Homeless rescuer Stephen Jones

Homeless rescuer Chris Parker

Although those two homeless beggars showed incredible courage and bravery, empowered by compassion, this comes only two days after writing and publishing my last blog, Clever? That's All Right Then! - where I referred to the arrogant Oxford University undergraduate, Lavinia Woodward, whose "talents" persuaded a Court judge to spare her from a prison sentence for stabbing her boyfriend in the leg during a pub disagreement. As I have expressed last week, Woodward came from a privileged upper-middle class family, and has successfully entered Christchurch College to train to be a cardiac surgeon. Full of herself and having no consideration for anyone else, her ferocious temper has landed her in trouble with other students in the past, causing at least one fellow-student to relocate her college accommodation. With such a black-and-white contrast to the Manchester beggars, would I have been willing to take her in as our lodger? Here lies the danger: If she had turned up at our door, and we were impressed with her university background and a promising medical career, we might have taken her in, totally unaware of her past, while at the same time turning away a homeless beggar such as Stephen Jones or Chris Parker. What I find so startling is that after just a few days with Woodward lodging at our home, I could well be lying in hospital with my face slashed by the sharp edge of a piece broken from a plate which was at first struck over my head in a screaming fury. On the contrary, Stephen or Chris could be enjoying a quiet drink with me at a country pub located a few miles out of town.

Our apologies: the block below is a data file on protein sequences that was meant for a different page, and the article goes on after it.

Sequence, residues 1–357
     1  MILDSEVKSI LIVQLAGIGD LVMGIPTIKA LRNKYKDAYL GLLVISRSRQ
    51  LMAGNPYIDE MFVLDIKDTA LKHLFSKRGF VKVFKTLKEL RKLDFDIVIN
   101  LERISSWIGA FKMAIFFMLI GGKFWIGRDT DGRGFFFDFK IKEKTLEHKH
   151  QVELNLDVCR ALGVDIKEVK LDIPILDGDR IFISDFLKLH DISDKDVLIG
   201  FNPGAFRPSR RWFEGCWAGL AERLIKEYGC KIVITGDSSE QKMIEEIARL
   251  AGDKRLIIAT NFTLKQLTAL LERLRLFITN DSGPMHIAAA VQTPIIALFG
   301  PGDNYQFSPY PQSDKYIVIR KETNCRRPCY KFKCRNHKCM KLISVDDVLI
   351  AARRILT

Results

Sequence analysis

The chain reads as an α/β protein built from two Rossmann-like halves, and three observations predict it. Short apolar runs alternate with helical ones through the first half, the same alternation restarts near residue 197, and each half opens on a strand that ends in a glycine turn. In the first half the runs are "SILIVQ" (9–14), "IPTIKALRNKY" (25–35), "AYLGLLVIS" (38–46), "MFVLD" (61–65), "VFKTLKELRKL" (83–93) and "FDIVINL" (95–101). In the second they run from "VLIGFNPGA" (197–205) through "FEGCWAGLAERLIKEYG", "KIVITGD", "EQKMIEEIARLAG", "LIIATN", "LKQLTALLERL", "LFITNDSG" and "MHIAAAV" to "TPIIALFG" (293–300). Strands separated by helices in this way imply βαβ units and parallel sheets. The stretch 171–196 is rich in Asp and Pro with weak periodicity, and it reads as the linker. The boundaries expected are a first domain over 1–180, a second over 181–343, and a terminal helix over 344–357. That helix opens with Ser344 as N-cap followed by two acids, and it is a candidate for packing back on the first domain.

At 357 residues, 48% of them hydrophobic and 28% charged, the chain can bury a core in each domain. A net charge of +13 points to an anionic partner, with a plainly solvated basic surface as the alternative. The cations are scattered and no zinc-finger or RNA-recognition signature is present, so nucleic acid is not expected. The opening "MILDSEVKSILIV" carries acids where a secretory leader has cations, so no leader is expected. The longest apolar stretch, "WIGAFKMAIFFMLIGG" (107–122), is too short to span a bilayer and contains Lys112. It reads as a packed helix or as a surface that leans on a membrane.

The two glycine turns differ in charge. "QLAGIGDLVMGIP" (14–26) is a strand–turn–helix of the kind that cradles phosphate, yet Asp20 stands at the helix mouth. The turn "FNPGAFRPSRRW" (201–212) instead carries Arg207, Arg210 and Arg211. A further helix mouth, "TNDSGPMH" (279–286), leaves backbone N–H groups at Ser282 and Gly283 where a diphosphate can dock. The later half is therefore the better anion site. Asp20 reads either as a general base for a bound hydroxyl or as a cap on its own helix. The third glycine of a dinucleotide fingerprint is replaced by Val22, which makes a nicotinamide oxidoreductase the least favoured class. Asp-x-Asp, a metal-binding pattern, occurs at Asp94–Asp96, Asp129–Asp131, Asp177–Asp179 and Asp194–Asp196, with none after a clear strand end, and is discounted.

Should this blog appear to have a sexist slant, then it is worth mentioning here of another student, this time a male who was studying at Cambridge University. He was mentioned in one of my blogs written just a few weeks ago: What A Contrast! He is Ronald Coyne, the smartly dressed member of the Cambridge Union of Conservative Association. Having gotten himself stoned with alcohol during an evening out, he then passed a homeless beggar who was asking for a contribution of some spare change. Coyne took out a £20 note and holding it in front of the beggar's eyes, he also took out a cigarette lighter and set the note on fire. As the beggar watched the money burn, Coyne shouted out, There is your change! When his behaviour was discovered, the student was expelled from the Conservative Association, fearing the damage this could cause for the political party's reputation. Had he came to our front door, one look at us and he would turn his back to us and quickly walk away, perhaps with nothing more than a hesitated apology, if even that. To him, we would be seen as nothing more than parasites infesting the land.